Uber. Binary Capital. Google. SoFi. These are just four high-profile HR disasters that devastated victims of harassment and negatively impacted each company’s brand, morale, engagement, and ability to attract and retain talent.
While responsibility for the atrocious behavior behind these headlines lies with the perpetrators and those who enabled, facilitated and covered up these toxic incidents and hostile workplace cultures, a more strategic, better empowered HR department with C-suite representation could have helped. But according to research from HR software technology firm Namely, of 1,000 midsize organizations surveyed, only 7 percent have an HR executive in the C-suite.
The case for a CHRO
The importance of HR has increased dramatically in the past few years, as talent has become a No. 1 priority and one of a company’s most important assets, says Straz, Namely’s CEO.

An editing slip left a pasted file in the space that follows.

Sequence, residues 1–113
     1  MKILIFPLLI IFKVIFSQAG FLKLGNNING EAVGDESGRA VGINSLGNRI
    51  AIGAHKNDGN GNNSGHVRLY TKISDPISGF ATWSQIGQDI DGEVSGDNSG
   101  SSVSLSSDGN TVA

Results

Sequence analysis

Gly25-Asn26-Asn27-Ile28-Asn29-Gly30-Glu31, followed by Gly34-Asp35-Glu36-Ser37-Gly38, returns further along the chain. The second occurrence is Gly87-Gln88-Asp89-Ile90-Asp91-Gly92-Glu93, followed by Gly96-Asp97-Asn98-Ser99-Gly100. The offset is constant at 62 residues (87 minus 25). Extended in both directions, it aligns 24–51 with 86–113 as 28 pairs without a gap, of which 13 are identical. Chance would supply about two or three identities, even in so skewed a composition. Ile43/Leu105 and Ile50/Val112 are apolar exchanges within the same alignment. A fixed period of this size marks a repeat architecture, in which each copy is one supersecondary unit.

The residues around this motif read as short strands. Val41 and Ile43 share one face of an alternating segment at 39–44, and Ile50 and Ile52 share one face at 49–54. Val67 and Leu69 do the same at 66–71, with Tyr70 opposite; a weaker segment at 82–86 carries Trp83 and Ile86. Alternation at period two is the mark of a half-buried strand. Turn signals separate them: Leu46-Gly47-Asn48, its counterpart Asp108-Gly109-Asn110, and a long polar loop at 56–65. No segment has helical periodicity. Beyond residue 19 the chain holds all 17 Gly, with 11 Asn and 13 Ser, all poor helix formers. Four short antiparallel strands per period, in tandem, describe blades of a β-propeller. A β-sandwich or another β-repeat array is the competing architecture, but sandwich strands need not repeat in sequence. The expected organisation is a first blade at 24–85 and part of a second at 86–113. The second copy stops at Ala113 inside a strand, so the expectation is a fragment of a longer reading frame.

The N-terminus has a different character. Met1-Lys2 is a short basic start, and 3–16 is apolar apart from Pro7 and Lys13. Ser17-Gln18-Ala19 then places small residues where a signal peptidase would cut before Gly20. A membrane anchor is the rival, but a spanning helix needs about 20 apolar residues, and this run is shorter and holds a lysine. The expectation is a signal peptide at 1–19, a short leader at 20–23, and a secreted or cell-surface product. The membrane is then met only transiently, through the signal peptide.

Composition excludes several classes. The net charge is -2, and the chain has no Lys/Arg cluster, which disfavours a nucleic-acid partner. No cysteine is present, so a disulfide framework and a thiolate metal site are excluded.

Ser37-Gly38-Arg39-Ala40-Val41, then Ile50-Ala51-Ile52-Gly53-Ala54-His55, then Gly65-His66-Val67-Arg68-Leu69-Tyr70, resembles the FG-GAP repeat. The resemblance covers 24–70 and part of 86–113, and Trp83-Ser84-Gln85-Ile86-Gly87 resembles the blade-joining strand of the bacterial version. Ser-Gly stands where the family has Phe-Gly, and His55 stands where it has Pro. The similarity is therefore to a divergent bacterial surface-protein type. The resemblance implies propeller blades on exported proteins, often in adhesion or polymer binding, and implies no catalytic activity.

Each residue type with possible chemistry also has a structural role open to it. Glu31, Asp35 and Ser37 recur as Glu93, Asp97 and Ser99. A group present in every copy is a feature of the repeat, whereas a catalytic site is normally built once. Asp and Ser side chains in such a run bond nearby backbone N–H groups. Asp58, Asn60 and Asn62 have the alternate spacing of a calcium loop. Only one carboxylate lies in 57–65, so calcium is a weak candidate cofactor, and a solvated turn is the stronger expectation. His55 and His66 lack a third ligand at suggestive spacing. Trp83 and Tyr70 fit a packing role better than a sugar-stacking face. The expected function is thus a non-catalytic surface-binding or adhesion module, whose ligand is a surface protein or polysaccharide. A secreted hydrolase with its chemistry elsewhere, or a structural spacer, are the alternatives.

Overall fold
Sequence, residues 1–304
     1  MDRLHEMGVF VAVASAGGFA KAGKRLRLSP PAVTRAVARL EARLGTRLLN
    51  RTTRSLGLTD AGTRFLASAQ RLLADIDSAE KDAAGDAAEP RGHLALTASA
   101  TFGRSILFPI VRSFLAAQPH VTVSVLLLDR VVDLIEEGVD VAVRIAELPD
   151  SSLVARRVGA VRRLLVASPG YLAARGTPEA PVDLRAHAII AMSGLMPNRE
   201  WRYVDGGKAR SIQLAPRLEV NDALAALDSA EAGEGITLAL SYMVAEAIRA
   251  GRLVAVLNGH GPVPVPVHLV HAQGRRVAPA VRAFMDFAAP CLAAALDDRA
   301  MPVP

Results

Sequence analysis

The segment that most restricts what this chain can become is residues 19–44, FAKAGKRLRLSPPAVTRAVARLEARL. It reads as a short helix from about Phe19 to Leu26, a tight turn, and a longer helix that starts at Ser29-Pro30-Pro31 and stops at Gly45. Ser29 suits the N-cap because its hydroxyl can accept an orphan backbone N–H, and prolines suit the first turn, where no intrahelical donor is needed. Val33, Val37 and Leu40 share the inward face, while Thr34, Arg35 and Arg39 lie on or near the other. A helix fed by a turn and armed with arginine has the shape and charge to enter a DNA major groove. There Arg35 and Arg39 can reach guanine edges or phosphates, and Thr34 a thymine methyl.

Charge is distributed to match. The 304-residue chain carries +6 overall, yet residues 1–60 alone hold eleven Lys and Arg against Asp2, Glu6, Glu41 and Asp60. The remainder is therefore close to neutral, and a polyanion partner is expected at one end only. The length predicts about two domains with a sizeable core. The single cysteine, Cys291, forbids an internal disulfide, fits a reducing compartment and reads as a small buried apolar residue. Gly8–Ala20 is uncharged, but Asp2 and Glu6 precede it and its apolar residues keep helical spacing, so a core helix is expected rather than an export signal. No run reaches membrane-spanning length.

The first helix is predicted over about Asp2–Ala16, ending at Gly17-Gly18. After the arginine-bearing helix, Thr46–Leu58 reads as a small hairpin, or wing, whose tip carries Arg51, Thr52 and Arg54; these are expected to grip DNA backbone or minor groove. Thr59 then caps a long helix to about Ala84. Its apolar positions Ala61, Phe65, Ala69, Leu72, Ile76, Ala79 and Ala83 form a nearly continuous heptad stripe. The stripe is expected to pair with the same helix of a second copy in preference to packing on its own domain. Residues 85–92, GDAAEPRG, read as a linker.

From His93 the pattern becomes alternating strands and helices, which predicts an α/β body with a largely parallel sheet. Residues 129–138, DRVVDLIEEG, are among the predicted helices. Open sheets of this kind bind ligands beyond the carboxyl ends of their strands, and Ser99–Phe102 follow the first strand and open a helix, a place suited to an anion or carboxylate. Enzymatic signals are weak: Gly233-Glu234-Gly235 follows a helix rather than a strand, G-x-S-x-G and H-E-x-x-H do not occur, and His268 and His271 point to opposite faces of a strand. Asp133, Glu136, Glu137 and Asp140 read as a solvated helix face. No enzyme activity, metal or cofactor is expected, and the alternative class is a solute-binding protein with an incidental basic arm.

“For decades, business leaders have considered HR an administrative or compliance function. Far too many people think that HR is simply ‘the complaint department,’” says Straz.
Many senior executives don’t value HR leadership as much as other C-level roles, or they see it as a need only when a company reaches a certain size or complexity, says Charlie Gray, CEO and founder of Gray Scalable, a custom HR technology solutions company. Or when HR disasters happen.
“Companies will instead have an HR director or VP that reports to their CFO, or COO, who would be responsible for driving people planning strategically, even though this complicates and often conflicts with their key responsibilities,” Gray says. “They often view HR responsibilities through a tactical lens — understanding that things like payroll, benefits, skills training and basic performance process are needed, but don’t always recognize the high-level strategic value of leadership development, people analytics, organizational planning and the other ways that the right HR leadership can provide game-changing contributions to a business.”
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